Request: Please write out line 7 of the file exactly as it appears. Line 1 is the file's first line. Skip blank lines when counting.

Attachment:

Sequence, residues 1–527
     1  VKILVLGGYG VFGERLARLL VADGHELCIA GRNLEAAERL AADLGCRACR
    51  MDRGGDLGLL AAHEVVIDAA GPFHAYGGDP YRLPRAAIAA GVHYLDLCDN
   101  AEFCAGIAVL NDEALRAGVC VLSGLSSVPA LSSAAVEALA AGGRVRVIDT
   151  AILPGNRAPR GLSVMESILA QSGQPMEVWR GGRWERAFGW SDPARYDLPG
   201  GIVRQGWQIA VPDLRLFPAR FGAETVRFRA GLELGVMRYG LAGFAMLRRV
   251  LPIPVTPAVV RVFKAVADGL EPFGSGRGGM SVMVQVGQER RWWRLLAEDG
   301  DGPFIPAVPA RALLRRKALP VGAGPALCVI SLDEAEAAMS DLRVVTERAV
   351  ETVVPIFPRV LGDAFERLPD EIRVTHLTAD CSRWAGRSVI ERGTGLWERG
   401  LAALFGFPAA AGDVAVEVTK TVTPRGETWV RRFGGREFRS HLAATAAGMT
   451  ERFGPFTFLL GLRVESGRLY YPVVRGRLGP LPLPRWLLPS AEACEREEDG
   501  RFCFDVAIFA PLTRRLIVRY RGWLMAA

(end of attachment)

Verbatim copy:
   251  LPIPVTPAVV RVFKAVADGL EPFGSGRGGM SVMVQVGQER RWWRLLAEDG